NACAC makes last Ditch Efforts to find Host for CARIFTA Games 2011

According to reports, in what is possibly a last ditch effort to find a home for the games NACAC has approached the Turks and Caicos Islands.

 

NACAC has already approached a number of other potential locations for the games but it appears all have bowed out. Jamaica has cited a conflict with other events, St Kitts and Nevis, who originally agreed to host the games, asked to be excused due to financial shortfalls and other issues, Trinidad and Tobago has been asked too late, and The Bahamas asked for financial guarantees which cannot be given.

The TCI hosted the games in 2007 but the resulting mismanagement at that time could exclude the territory from doing so again. 

The land used to build the track the games were held on belonged for the most part to the British West Indies Collegiate High School (BWICHS) a private nonprofit institution also known as the TCI Educational Foundation. When it was decided by the Progressive National Party (PNP) administration to host the games, they needed land on which to build a track. 

An agreement was arranged, sponsored by the PNP government, to use the land in question by having the government build the track, assuming ownership of the land on the basis of a formal agreement giving BWICHS the rights to use the facility for their own sports purposes afterward.

Additionally, Provident Ltd, a private corporation, agreed to allow the government to purchase adjacent land, which was needed for the construction of the track and/or facilities. 

A state of the art Mondo track was built, employing the services of Herzog Contracting.

However, attendees were seated on bleachers and stands that were rented not purchased. Other contractors provided the public address system, the VIP tent and a host of other amenities. The total cost was reported to be approximately $14 million.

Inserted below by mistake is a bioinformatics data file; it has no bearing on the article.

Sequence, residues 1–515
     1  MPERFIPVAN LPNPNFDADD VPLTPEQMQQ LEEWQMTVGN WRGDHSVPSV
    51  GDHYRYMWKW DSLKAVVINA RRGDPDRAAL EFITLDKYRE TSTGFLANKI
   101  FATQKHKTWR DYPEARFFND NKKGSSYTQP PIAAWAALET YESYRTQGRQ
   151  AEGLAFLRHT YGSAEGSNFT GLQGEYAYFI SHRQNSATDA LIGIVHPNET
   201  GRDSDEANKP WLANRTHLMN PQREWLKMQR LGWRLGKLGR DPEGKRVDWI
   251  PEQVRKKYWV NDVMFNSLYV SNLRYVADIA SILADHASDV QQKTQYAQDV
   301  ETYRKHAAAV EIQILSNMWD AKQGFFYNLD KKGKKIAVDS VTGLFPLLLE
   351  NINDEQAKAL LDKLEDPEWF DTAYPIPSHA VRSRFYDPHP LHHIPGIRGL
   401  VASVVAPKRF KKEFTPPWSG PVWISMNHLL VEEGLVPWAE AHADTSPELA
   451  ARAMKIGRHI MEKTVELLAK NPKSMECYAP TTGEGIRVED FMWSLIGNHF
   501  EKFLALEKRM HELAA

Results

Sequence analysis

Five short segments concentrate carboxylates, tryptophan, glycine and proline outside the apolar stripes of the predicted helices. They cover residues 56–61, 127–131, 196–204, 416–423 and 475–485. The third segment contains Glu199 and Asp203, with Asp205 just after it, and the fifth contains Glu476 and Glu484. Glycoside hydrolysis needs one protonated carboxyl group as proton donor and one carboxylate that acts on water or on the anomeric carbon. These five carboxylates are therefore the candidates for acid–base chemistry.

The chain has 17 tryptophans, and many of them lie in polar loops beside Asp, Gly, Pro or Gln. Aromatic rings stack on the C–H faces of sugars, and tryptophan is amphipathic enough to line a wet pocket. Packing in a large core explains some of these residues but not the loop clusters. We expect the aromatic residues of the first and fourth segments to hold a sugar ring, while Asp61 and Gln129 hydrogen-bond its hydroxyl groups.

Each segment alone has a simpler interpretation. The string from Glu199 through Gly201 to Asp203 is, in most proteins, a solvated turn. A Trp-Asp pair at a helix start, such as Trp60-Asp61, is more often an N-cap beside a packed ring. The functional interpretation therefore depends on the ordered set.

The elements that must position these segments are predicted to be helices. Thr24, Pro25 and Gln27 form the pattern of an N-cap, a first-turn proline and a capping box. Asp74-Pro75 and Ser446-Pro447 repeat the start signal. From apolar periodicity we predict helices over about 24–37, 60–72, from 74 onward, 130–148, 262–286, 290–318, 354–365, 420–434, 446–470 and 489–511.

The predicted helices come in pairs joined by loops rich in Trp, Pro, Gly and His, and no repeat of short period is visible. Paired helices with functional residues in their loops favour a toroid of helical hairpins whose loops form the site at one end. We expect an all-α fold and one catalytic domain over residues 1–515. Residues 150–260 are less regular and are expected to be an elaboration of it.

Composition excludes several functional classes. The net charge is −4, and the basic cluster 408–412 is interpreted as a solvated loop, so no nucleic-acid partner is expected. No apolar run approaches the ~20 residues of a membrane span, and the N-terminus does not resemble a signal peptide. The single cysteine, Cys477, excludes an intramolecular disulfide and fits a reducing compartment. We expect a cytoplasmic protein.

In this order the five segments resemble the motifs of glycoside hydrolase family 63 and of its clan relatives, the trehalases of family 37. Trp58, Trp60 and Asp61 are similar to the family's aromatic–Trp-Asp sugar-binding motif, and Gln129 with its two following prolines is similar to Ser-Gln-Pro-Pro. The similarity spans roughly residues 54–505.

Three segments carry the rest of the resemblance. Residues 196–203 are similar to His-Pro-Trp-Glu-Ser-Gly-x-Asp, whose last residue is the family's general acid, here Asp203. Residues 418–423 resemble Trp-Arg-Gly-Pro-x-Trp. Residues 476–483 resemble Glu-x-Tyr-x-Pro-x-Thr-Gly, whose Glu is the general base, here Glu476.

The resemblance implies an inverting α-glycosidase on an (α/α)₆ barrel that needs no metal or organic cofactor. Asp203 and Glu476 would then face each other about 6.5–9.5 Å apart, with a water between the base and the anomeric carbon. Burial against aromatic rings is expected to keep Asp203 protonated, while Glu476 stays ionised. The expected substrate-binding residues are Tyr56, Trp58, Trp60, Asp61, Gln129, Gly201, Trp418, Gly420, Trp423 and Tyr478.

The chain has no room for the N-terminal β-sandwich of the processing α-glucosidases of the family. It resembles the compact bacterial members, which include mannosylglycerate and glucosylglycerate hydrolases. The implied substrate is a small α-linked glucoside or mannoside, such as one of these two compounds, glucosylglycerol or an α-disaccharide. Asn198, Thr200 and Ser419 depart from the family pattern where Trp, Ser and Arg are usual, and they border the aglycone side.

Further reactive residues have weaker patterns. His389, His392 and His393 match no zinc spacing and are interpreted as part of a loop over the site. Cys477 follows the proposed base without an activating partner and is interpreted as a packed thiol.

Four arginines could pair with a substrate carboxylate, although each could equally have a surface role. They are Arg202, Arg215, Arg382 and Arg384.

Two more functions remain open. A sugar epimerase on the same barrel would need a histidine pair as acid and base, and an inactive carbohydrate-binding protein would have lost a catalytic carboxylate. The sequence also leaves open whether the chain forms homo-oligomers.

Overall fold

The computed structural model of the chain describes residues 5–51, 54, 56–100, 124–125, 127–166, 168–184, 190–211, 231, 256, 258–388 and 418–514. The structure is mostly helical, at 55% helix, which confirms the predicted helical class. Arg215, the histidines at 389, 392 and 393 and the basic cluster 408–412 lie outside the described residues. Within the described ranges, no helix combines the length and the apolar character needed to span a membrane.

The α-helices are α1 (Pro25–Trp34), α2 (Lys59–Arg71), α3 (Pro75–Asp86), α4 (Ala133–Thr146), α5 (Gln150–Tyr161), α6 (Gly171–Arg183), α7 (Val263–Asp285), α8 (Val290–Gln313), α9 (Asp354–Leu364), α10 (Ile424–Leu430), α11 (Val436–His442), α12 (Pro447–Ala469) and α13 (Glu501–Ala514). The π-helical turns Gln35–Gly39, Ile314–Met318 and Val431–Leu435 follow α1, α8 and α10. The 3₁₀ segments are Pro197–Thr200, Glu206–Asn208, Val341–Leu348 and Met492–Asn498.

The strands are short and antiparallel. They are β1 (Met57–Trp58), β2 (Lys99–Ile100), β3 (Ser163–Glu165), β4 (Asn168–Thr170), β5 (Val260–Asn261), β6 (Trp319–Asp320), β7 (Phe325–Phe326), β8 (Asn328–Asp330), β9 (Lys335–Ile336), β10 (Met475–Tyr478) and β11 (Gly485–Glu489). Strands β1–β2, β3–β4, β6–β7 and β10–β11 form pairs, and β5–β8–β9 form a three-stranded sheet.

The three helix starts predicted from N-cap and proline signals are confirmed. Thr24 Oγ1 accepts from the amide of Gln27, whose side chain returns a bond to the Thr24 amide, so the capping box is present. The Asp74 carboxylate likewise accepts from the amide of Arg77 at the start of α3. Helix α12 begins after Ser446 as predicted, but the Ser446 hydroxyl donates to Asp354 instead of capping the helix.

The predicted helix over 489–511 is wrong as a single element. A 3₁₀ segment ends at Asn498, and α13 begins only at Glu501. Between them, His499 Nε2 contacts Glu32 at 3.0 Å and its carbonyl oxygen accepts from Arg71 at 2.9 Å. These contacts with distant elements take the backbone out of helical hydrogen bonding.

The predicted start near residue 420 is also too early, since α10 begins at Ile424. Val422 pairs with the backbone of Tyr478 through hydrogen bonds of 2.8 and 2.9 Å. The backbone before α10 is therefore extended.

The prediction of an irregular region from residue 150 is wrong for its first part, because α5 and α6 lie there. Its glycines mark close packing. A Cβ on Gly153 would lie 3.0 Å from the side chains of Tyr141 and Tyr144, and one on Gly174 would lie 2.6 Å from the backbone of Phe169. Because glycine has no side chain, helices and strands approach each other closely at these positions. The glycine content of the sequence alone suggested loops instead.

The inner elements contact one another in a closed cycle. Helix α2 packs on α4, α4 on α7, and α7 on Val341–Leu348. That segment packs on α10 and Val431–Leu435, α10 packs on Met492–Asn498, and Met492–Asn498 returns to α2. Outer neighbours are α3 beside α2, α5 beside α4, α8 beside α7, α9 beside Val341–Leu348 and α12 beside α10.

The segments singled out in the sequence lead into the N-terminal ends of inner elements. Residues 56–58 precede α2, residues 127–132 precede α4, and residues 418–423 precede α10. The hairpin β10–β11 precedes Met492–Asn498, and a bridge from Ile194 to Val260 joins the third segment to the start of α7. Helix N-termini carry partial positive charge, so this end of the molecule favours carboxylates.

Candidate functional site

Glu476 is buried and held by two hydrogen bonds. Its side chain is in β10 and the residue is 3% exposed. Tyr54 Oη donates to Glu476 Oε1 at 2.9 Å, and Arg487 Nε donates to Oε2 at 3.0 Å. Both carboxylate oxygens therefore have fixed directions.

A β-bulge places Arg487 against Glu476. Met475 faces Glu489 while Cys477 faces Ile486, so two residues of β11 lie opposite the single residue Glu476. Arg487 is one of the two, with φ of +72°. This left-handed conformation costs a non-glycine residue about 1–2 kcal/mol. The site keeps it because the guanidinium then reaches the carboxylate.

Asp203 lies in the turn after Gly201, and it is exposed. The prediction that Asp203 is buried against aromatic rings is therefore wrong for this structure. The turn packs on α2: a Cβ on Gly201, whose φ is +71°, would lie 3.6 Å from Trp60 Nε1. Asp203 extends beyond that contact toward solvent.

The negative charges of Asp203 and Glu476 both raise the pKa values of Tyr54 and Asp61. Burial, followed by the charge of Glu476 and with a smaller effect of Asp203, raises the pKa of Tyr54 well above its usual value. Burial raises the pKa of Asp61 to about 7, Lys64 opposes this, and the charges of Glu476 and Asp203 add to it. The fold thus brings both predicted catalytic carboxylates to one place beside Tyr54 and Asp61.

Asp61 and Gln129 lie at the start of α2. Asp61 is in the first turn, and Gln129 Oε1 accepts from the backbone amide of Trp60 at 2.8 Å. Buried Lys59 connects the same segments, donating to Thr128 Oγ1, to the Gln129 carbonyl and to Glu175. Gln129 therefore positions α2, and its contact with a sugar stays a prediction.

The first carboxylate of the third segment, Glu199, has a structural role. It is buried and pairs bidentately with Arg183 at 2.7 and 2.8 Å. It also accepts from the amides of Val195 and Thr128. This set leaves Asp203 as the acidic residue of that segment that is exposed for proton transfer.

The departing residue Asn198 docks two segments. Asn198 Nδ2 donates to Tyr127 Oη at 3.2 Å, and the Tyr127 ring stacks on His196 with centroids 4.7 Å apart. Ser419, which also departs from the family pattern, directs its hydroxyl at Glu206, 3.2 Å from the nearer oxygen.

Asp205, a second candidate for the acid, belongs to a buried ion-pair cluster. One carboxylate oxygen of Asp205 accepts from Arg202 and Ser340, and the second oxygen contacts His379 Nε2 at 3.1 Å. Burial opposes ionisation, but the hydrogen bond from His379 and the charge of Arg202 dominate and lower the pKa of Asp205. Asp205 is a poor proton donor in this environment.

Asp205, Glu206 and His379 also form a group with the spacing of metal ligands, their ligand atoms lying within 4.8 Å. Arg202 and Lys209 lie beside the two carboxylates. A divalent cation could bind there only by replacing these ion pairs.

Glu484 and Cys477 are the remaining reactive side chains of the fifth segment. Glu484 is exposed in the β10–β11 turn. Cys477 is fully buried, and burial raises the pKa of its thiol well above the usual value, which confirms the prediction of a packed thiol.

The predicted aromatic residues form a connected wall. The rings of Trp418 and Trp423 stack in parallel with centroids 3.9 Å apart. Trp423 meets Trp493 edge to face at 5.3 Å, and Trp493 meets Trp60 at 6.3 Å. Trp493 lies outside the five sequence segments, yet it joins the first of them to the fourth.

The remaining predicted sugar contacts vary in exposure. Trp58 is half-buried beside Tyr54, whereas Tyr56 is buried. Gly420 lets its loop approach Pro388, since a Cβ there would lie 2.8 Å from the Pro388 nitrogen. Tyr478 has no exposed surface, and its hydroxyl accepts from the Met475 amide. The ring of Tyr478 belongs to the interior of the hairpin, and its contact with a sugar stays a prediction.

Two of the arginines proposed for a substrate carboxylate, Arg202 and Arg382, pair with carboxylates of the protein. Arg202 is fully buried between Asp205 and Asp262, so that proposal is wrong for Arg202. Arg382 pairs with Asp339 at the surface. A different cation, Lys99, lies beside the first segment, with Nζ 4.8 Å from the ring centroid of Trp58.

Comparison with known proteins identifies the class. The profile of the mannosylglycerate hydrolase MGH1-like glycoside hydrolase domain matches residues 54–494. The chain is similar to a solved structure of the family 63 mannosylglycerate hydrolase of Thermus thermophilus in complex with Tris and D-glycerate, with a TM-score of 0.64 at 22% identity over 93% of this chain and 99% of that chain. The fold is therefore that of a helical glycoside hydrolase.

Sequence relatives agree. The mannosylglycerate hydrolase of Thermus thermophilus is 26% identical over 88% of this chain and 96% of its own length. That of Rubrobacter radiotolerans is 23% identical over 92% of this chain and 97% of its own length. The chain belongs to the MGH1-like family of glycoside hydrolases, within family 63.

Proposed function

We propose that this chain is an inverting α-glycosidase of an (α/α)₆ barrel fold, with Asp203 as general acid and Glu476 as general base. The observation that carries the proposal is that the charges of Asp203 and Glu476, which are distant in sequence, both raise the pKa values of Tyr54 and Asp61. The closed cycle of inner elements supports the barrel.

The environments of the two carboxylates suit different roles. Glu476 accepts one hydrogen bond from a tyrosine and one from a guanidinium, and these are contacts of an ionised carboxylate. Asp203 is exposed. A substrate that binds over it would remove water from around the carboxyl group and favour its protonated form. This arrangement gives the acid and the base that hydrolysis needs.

However, post games the formal agreements were never honoured by the PNP government and, after a prolonged period of time, BWICHS and Provident Ltd have maintained their ownership of the land.

In a press statement in July 2010, attorneys for the TCI Education Foundation indicated that the charity was pushing for a resolution of the issue, so the public and government can have access to the use of the track and facilities.

Members of the PNP attempted to disguise their failure to formalize and consummate the arrangement and ignored the fact they were in default. It appears that the TCI government has now had to forfeit their rights to the track and facilities built on the privately owned land. The stands and bleachers and other contractor-owned facilities were all returned to their owners immediately after the games four years ago, leaving only the track in place on the privately owned land. 

Due to the financial challenges being faced by the British Interim Government, there would appear to be little incentive to host the CARIFTA games in the TCI this year.

 

(Contents of this article were obtained from caribbeannewsnow.com)


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